22 April 2006 – just outside the church – we’d been married about 15 minutes!
According to tradition, today H should present me with a piece of pottery. Well he might pass me my dinner plate and I think that will have to do because we’re going to be celebrating our ninth wedding anniversary in very much the same way as we celebrate all other major events; with steak.
And possible chips and onion rings too now that I’ve discovered a great recipe for dairy free onion rings.
And very very hopefully, sleeping children and a chance to have supper just the two of us so that we can have a conversation that does not include “sit down”, “you liked it a lot the last time you ate it”, “why don’t you give it a polite taste”, don’t do that to your sister”, “reunite your bottom and that chair please”.
It’s going to be great.
Nine years feels both as if we blinked and it’s zipped past in an instant and as if we’ve never not been married, probably because when you add on the seven years we were dating beforehand we’re rapidly approaching having spent half our lives together.
Together we have been on holidays, been to hospitals (only once at the same time but as that was our honeymoon it still looms large in the memories), climbed mountains and spent lazy days on the beach. We’ve seen moments of pure unbridled happiness and utter wretched grieving despair. And through it all H has been my constant, my rock, the one person who will always have my back and the one person who will always know how to make me smile.
It’s such a cheesy phrase to say that he is the other half of me, but I think it sums us up very well; he is the other half of me, and I am the other half of him, and together we are balanced. There’s so much about us that could on the surface seem like polar opposites; he’s much more social, where I like just chilling out at home; he’s ridiculously sporty whereas I’ve taken nine years to learn how to catch (I’m pretty sure I’ve only recently passed my indoor throwing test and I’m always slightly surprised when something lands up in my hand*), I’m the eternal optimist where he tends to worry and fret, even when there’s absolutely no need, and I’ve definitely got the better sense of direction. We each fill in where the other needs a helping hand.
Perhaps after all this time I should have something profound to say about marriage, not advice exactly, because I think everyone is happy in their own way and the key to a happy marriage is something you have to look for yourself, but a sort of summary of what marriage means to us.
And yet I think perhaps this evening sums it up best of all. I’m writing this on the evening of 21st. Pip, the girls and I have had a wonderful day out in the sunshine, the girls spent the morning in some very involved sort of water play that got them and the surrounding area very wet and this afternoon we headed up to the playpark for an hour or so and by the end of supper all three children were wailing; Pip because he thought I was going to leave the table without him, Elma because she’d had a catnap before supper but was still utterly exhausted yet still determined that it was not bedtime, and Kitty because she wanted an ice lolly for pudding and we have a no sugar after supper rule.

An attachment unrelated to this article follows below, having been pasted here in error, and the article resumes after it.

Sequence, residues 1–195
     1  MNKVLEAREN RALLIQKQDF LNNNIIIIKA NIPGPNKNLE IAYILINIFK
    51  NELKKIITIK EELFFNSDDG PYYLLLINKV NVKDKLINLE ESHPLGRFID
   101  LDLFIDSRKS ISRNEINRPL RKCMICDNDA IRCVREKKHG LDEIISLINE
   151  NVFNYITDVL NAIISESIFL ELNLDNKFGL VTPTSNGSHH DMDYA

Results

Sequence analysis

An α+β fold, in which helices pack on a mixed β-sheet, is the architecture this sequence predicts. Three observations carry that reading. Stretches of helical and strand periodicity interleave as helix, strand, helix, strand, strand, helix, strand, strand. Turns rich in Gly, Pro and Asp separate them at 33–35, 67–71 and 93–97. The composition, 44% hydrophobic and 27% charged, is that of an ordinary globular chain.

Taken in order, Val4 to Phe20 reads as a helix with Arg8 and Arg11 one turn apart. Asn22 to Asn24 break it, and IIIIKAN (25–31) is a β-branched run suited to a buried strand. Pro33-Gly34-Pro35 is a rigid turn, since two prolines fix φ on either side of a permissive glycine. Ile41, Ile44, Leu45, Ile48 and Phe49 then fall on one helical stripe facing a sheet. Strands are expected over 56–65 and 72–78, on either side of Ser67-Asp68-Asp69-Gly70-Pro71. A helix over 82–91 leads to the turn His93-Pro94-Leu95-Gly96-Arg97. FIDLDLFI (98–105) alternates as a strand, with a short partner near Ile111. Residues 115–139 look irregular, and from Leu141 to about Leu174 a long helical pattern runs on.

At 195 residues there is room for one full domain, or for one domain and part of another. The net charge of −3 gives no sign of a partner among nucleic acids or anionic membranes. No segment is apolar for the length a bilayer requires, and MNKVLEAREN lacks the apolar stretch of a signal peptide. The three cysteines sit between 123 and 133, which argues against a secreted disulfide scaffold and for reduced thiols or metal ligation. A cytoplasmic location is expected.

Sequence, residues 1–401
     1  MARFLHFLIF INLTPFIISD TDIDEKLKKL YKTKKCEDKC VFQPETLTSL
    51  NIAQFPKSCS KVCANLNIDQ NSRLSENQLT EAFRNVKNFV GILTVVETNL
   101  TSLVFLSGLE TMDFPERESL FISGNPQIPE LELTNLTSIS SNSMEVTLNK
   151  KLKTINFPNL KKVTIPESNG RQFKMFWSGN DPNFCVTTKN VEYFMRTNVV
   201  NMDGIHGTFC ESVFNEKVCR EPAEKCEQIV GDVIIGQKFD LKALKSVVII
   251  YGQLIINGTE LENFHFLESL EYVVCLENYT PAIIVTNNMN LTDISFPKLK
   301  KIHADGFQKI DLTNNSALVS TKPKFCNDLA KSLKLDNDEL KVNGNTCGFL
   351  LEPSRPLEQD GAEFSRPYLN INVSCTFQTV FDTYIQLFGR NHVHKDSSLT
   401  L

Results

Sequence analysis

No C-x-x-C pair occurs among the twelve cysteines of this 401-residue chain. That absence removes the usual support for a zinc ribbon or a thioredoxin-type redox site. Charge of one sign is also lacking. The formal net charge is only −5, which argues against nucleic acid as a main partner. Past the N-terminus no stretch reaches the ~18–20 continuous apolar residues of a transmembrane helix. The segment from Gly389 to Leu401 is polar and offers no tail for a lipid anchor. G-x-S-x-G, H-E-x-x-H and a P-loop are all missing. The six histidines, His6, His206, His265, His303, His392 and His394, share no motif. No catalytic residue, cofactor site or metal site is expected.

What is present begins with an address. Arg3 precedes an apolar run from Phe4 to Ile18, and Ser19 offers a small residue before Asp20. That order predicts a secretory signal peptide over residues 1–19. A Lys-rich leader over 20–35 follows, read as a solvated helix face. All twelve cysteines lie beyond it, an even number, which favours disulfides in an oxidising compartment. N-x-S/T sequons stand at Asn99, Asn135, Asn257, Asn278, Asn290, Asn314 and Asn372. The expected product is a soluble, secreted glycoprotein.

Eventually we got them all up to bed, I nursed Pip and he fell asleep and then went in to Elma who was just ridiculously wakeful, and all the milk and cuddles and settling down in the world wasn’t going to do the trick. I bribed her with Sylvanians and left her to try to settle herself but before too long we heard the familiar thud-pitter-patter of a little girl on the loose, and then Pip woke up and all I could see was the evening stretching ahead running between each child. And it’s not that I begrudge them the attention, if they need me, I will be there, it’s just that for my well being, I need to have a little time in the day when they’re all asleep, when I’m not ‘on’ and when I can do the things that make me Carie as well as Mummy. It’s the days after evenings when that doesn’t happen that so often turn out to be the hard ones.
I didn’t say anything to H, just got on with settling Pip and hoping Elma would stay quiet enough that he would go to sleep, but apparently I don’t need to say anything; H picked up Elma, put her shoes and dressing gown on, found her blankie and took her out in the car. They went to the shops to buy me a new pair of washing up gloves, the apple pie that is currently warming in the oven, and the loo cleaner that I forgot to buy on Monday, and then H drove around in the twilight until Elma was asleep, brought her home and tucked her into bed. And me, well I settled Pip and then snuck downstairs to read trashy articles on the internet, to catch up with some of my favourite blogs, and to write.
And that, for us, is nine years of marriage. It isn’t grand romantic gestures, or expensive presents, vast gardens of flowers or lengthy declarations of love, it is quite simply knowing what the other truly needs, and giving it, selflessly and as completely as possible.
(Nine years and three children later – spot the difference)
*In reading this out to H he tells me that actually I haven’t passed the throwing test, I have a dispensation. And just because I’m sure you’re all really confused now, the indoor throwing test is how we tell the girls they can’t throw in the house but can thrown in the garden, as in “put that down, you haven’t passed your indoor throwing test yet!”